For example, W57 “looks different because it tries to combine the density and views of a skyscraper—the efficiency—with the idea of a courtyard.
“The site is quite asymmetrical—you have, like, public transportation on one side,” he said, “and the waterfront on the other side, where people want to look out. Somehow the asymmetry of the building is a child of the asymmetry of the context.”
“There’s a certain nostalgia for this idea of the architect as the mysterious genius that only knows [the secret], and there’s maybe a fear of losing influence by making it clear what it is we do," Ingels said of his tendency to attribute design to the specific limitations of the context. "But I think on the contrary architects—architects have maybe lost influence because it has been so unclear what architects actually have been doing.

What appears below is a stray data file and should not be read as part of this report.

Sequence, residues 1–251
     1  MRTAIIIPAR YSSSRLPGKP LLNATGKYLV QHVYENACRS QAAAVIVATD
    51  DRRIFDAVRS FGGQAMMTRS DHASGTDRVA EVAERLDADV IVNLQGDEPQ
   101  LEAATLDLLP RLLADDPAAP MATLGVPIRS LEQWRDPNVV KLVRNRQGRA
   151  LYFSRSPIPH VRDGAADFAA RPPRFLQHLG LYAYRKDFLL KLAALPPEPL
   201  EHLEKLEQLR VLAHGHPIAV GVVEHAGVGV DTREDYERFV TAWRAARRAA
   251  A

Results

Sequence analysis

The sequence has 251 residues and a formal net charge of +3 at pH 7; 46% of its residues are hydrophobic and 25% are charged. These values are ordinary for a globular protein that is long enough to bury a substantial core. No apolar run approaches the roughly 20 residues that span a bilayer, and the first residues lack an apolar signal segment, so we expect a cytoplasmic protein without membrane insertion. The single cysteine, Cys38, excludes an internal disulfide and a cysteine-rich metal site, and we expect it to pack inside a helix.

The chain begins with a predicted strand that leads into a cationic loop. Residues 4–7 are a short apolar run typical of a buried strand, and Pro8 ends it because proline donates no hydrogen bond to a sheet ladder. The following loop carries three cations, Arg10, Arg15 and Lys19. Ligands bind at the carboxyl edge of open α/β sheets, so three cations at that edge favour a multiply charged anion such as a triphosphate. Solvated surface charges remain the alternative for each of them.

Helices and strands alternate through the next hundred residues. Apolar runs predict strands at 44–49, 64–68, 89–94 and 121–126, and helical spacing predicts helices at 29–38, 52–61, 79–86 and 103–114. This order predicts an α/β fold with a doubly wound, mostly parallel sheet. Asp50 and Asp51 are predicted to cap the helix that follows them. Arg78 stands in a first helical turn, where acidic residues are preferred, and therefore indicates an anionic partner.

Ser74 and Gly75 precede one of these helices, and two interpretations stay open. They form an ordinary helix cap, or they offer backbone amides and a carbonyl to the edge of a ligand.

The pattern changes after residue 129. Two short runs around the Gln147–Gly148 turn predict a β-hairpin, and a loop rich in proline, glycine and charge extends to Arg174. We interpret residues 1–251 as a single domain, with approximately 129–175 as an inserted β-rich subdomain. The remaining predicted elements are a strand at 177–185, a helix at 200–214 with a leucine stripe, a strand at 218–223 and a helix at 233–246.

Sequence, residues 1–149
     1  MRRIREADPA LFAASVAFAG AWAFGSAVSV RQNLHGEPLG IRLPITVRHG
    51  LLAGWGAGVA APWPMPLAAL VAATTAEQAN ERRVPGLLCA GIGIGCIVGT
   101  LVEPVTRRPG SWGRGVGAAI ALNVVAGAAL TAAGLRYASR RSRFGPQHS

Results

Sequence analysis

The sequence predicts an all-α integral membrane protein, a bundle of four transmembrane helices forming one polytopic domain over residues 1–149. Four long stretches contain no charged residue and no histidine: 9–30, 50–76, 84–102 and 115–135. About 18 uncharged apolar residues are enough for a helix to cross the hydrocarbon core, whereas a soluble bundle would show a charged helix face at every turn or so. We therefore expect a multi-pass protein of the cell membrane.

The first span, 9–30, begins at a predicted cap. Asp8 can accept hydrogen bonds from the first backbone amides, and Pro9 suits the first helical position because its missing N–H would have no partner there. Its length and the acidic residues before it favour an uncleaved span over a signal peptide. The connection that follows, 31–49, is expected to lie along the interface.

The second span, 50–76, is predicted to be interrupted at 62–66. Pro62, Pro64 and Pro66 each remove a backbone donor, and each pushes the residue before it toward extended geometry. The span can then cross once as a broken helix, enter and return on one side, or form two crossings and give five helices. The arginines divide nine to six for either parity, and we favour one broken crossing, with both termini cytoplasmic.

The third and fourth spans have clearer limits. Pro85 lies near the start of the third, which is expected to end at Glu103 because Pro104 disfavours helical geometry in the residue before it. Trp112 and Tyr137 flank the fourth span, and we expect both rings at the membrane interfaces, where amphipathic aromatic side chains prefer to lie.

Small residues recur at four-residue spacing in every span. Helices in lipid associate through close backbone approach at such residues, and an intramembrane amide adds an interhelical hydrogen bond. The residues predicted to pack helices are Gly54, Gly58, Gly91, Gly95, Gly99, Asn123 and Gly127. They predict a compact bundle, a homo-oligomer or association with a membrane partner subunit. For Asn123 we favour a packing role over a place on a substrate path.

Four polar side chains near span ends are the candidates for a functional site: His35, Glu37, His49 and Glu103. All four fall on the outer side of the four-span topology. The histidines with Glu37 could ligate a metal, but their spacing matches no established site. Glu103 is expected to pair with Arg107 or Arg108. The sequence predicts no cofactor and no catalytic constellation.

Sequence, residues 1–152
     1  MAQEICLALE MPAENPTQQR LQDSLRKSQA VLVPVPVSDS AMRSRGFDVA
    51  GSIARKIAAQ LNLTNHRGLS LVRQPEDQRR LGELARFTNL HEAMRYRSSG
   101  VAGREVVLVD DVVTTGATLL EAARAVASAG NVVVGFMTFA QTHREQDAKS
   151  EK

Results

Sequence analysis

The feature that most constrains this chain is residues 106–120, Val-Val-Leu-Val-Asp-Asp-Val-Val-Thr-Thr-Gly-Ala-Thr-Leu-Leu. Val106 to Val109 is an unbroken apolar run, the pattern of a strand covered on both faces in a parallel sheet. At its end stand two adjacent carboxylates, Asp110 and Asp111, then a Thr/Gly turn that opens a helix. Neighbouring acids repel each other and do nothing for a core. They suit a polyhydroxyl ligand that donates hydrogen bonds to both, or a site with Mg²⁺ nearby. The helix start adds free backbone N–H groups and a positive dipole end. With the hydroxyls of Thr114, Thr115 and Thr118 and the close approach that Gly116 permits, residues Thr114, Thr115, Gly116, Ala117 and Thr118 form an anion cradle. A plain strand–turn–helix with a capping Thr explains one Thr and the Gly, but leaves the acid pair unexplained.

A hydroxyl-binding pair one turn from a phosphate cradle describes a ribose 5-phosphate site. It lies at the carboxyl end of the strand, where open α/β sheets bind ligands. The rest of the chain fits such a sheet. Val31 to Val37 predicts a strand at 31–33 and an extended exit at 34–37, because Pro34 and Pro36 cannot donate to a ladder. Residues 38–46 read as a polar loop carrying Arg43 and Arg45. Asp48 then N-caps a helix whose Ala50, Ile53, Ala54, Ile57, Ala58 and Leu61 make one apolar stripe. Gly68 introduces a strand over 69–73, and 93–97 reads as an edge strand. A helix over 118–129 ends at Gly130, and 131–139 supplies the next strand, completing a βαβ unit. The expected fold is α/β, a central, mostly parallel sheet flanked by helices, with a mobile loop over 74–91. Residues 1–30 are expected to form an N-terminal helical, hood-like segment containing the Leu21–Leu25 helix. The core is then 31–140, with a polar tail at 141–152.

Diagrams provided to press during the ribbon-cutting on the model included a very simple set of diagrams showing how the height restrictions, the site plan, the need to maximize views, and the need to create both public and private outdoor spaces for most of the apartments were enough principles to limit him to a massing that looks like this shape that critics are alternately raving or complaining about.
“And I don’t think we are going to lose the magic by actually being very open about it,” he said.
“Two of the most popular magicians in Las Vegas, Penn and Teller, and what they do is, first they show you an amazing trick, and then afterwards they show you exactly how they did it. And then they show you the same trick again so you can see how they’re doing it, and instead of like reducing the magic—like at first you’re wowed by the fact that they’re doing it—like you know, wow, that’s a crazy trick—and then afterwards you’re wowed by, like, how simple, and brilliant, and ingenious it is to get there—it totally makes sense. And then in the end you get like both, so ahh, it’s still magic, and it’s very clear."
More by this author:
- How 'The New York Times' controls architecture criticism in America, whoever its critic may be